Framingham Heart Study Celebrates 50 Years
By Louise Williams
The autumn afternoon was stiflingly hot and the non-air-conditioned, stately Memorial Building in Framingham, Mass., was packed. But the thousands gathered there didn't mind. They'd come to celebrate an extraordinary anniversary -- the 50th year of the Framingham Heart Study (FHS), the longest running epidemiological study in U.S. medicine.
The attendees -- who included U.S. surgeon general Dr. David Satcher, National Heart, Lung, and Blood Institute director Dr. Claude Lenfant, past FHS directors and the current director, congressmen, state representatives, TV journalist Dr. Timothy Johnson, and more than 1,500 FHS staff and participants -- had a lot to celebrate. Since its start in 1948, the FHS has saved and improved countless lives in the United States and worldwide.
The town of Framingham is 18 miles west of Boston. The study, part of NHLBI, began with 5,209 healthy Framingham residents, ages 30-60 -- about 20 percent of the town's population -- and grew to include 5,124 of their children (and their spouses) in an Offspring Study. More recently, 500 members of Framingham's minority residents were recruited to form the Omni Study.
FHS's many achievements include discoveries about the relations between risk factors and cardiovascular disease (CVD). The FHS helped make Americans aware of the health dangers of high cholesterol, high blood pressure, physical inactivity and smoking. The study also has published findings on such topics as psychosocial factors and heart disease, diabetes, obesity and dementia.
As Rep. Edward J. Markey (D-Mass.) told the crowd, "The thousand scientific papers produced by Framingham have become the holy book" of medicine. The findings have "moved America toward prevention," he added, "giving the message that people can control their own destiny."
Lenfant thanked participants for their "dedication and enormous contributions to the study and to medical knowledge. The study could not have succeeded without the commitment of the people of Framingham."
His thanks were echoed throughout the afternoon. Dr. Aram Chobanian, dean of Boston University's School of Medicine, who has used Framingham data in his research, said, "Thank you for all you have done for cardiology, medicine, and all the people in the United States."
Satcher, who gave the afternoon's keynote address, also thanked the Framingham participants for their "commitment, dedication, and perseverance." He said he'd asked himself what makes FHS so special and came up with six key factors: The study is scientifically rigorous, longitudinal, community- and family-based, and has always involved men and women, and most of all has mutual trust between participants and staff. "The issue of trust and its development is a real challenge," he said. "And that's true whether about a study or any kind of medical care in the United States."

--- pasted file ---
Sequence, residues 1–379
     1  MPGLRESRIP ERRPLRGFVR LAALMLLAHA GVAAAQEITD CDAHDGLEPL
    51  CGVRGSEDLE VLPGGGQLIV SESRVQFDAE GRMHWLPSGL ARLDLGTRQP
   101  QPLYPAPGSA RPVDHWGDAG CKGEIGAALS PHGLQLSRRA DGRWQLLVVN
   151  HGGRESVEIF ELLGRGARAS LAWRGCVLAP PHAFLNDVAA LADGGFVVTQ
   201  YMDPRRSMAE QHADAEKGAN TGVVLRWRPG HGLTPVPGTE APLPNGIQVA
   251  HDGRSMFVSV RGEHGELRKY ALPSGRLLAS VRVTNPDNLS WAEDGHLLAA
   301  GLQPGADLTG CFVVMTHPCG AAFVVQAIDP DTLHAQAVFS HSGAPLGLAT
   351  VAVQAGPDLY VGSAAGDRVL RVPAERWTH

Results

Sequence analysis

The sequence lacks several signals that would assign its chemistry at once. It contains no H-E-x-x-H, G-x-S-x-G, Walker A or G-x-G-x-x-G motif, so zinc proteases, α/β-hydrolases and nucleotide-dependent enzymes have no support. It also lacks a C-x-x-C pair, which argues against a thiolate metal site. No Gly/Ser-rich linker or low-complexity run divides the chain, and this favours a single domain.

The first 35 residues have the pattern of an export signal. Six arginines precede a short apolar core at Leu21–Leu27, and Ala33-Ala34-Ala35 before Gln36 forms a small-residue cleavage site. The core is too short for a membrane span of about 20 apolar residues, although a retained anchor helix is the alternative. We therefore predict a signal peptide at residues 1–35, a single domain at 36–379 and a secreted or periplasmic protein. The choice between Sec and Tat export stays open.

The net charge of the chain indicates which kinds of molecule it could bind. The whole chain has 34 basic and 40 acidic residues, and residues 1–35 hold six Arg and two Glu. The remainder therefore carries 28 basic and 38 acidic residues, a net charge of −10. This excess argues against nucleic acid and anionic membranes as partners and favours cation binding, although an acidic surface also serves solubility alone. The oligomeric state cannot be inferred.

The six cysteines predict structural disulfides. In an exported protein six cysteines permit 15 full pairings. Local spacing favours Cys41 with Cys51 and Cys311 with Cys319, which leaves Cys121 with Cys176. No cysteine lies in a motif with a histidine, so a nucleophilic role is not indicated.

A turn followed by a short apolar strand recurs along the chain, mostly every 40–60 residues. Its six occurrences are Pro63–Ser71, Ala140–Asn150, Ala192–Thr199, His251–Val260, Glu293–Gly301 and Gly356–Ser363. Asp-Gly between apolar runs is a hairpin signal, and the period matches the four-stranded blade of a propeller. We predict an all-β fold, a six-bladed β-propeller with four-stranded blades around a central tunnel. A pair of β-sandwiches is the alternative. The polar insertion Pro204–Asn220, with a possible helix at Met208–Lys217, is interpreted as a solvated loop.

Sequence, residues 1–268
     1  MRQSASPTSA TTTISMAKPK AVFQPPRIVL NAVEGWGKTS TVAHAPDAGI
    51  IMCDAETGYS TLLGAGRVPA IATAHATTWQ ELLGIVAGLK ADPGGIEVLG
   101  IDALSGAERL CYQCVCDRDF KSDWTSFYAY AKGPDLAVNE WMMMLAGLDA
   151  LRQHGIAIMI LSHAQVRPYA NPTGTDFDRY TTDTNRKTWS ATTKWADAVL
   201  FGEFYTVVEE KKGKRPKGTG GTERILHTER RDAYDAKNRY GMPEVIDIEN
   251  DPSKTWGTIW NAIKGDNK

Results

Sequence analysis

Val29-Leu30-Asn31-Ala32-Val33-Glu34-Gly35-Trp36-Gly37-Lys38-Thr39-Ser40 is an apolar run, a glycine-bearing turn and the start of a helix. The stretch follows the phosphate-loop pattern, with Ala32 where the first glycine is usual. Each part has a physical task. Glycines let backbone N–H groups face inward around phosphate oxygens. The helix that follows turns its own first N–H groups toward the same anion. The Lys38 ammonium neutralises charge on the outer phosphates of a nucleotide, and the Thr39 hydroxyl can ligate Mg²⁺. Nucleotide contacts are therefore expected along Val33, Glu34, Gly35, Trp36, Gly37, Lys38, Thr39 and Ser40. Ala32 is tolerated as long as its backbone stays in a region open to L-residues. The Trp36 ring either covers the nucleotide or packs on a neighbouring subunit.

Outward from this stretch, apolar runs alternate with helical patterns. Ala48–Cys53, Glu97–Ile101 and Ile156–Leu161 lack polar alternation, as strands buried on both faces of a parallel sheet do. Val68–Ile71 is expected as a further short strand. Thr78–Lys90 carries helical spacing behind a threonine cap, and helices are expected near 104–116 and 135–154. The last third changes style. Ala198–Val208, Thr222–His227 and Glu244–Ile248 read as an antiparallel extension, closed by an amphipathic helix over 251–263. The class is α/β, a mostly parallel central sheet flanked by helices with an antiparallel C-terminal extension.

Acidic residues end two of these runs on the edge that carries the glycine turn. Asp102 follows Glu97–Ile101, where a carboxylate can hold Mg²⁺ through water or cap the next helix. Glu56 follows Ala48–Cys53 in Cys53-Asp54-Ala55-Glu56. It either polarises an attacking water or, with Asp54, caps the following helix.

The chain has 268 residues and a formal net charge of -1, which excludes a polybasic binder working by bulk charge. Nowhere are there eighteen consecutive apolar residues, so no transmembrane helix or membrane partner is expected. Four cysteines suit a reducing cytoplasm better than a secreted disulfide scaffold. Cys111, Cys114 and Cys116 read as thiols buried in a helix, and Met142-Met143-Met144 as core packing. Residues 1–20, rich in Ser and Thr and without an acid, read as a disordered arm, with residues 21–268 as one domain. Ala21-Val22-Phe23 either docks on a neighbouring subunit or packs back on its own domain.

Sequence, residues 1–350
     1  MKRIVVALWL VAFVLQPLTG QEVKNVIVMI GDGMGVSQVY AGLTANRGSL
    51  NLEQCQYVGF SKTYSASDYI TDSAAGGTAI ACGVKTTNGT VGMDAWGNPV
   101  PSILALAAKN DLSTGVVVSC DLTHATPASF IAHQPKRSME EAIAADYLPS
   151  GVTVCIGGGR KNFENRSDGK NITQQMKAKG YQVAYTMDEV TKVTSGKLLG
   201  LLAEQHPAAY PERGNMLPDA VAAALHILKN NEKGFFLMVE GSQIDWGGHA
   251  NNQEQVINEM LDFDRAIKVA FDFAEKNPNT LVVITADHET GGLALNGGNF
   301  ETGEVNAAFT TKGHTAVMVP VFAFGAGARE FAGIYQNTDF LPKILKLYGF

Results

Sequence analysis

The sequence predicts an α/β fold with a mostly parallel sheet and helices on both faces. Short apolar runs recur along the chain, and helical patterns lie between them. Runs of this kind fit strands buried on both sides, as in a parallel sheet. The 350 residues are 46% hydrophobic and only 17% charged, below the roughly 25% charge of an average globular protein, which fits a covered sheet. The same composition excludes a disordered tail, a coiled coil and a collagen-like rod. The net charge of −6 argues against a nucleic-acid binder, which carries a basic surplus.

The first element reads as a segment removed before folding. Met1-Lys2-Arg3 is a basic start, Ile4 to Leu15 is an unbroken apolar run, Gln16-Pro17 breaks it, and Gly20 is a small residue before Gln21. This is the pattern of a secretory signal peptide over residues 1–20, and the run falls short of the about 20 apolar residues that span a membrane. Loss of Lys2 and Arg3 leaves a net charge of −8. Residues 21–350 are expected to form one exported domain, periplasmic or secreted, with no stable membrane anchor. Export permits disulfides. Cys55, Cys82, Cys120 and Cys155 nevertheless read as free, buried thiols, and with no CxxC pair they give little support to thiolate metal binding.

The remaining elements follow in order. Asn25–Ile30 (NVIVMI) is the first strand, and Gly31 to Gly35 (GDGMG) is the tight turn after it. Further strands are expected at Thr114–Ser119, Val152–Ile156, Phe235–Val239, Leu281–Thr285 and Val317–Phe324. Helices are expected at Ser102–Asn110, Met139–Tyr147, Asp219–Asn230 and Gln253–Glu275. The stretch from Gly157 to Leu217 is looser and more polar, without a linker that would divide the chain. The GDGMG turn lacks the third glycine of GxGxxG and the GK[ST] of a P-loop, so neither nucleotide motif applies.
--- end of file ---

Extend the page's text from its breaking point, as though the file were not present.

He said Framingham changed how people look at health and disease. "Before, a lot of people, especially when it came to cardiovascular diseases, thought it was a matter of luck or fortune. Framingham shows that it's not just that but how people behave," including the dangers posed by risk factors.
He added that "Framingham shows us that just as we use the public health approach in infectious diseases, we also can intervene with chronic diseases." He stressed that prevention through public education has to become a way of life in America. "Too few physicians are putting prevention into practice," he said and called for a worldwide effort to promote healthy lifestyles.
Current FHS director Dr. Daniel Levy called his staff the "unsung heroes" of the Framingham story. "You and the ordinary citizens of Framingham have advanced our understanding of coronary heart disease."
He also pledged that the Framingham story had only begun. "Today and in future years, Framingham will continue to have a great impact on many lives. We and you are not done yet."
He said studies under way cover such topics as early identification of CVD in those still free of symptoms, investigations of the genetic causes of CVD, arthritis, and osteoporosis, and more research on racial and ethnic differences in risk factor development.
The afternoon also brought a message of congratulations from President Clinton. But mostly, the afternoon was a demonstration of the bond that exists between FHS's participants and staff, who took time before and after the formal presentations to warmly thank each other.
Participant spokesperson Jay Lander, a member of the Offspring Study, described how many felt about being part of FHS. "We go through life, most of us," he said, "knowing only the effect we have on the people around us...Only a small percentage of people get to make a permanent contribution to humanity."
He added, "But this study has given each of us in Framingham some small role in producing a lasting achievement," and "as long as the planet is inhabited, the contribution of Framingham to the quality of that life will be remembered."
Up to Top